Today may be the Grand National, but I’m more interested in a different type of racetrack. New research in to a new type of computer memory means hard drive failure could be a thing of the past.
Physicists at the University of Leeds, in conjunction with IBM Research’s Zurich Lab, have been working on developing “racetrack” memory which could replace current hard drives. Good news for anyone who has ever lost crucial data thanks to a dead drive.
Existing storage technology works like a tiny record player. Information is stored on metal discs made up of groups of magnetised atoms called domains. These discs spin beneath a “head” to read off your mp3 files, documents, and emails.
Racetrack memory was conceived last year by Stuart Parkin at IBM Research’s Almaden Lab, and uses no moving parts, meaning disks using the technology would be much less likely to break. Instead, the information is moved about by an electric current, which switches the magnetic direction of the domains.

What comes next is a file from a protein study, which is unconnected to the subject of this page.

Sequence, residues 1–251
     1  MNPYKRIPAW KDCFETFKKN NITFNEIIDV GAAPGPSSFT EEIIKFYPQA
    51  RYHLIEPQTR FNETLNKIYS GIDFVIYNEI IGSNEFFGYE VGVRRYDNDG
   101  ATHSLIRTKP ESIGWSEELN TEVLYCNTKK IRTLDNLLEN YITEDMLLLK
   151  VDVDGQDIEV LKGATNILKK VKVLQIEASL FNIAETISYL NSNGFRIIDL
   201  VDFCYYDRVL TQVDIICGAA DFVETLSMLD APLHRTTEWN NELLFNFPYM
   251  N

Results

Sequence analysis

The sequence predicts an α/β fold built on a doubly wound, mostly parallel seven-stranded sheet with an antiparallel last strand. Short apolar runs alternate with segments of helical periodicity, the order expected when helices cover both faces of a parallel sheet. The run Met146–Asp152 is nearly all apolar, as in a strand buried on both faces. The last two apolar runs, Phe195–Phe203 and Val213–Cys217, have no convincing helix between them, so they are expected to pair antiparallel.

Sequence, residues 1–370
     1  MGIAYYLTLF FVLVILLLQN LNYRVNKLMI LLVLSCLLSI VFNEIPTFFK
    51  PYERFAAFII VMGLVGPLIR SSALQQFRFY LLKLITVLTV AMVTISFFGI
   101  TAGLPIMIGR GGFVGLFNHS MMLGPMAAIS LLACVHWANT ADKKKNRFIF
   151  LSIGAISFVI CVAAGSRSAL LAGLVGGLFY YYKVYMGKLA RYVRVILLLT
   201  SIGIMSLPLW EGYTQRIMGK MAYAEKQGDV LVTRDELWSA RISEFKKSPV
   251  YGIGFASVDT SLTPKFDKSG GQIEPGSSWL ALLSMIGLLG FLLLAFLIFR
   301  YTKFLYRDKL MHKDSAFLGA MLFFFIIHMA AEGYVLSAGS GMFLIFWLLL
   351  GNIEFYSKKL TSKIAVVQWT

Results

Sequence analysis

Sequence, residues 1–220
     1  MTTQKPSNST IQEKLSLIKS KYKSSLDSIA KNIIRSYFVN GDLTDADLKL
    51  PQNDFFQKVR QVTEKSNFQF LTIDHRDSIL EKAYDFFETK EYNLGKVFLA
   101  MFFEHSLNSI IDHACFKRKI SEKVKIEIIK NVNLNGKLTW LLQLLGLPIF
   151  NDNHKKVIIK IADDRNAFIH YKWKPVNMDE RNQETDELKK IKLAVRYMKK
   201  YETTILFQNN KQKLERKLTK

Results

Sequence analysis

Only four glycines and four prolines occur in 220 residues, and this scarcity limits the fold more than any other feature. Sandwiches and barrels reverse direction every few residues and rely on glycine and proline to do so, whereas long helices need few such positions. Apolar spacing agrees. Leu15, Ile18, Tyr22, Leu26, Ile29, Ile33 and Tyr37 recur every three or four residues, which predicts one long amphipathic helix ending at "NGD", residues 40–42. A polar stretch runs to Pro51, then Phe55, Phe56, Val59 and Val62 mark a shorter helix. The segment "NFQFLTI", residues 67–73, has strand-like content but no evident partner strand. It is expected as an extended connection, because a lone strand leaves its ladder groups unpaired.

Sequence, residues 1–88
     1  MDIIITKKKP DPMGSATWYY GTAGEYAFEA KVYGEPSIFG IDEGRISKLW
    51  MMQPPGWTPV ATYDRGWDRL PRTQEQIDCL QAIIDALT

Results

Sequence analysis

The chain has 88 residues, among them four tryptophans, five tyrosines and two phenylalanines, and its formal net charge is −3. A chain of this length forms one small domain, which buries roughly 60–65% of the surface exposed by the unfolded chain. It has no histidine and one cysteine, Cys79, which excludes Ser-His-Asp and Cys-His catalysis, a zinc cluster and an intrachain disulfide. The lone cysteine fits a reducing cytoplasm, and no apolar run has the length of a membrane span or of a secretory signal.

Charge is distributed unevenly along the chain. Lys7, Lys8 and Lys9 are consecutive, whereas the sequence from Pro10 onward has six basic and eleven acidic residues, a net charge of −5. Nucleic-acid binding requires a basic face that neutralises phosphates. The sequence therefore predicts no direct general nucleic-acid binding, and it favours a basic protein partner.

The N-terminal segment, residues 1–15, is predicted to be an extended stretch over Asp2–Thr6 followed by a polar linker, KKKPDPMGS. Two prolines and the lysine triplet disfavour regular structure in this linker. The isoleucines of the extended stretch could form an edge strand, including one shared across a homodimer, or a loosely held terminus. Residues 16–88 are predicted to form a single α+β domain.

The new research, published in Physical Review Letters, uses an electron microscope that can “see” magnetism to investigate how these tiny magnetic devices behave. The aim is to reduce the electric current required to move information along the racetrack.
As well as being more reliable, racetrack memory could also be much cheaper and faster. The price of iPods and USB memory sticks could fall, with the cost of racetrack memory 100 times cheaper per bit than flash memory. With no moving parts and no time needed to search the disk for information, computers could potentially boot up in an instant.
All this wonderful stuff is still a long way off, however. The next stage in the quest for improved memory is to develop better materials with which to construct the racetrack. It’s expected that the new memory will be available within 10 years.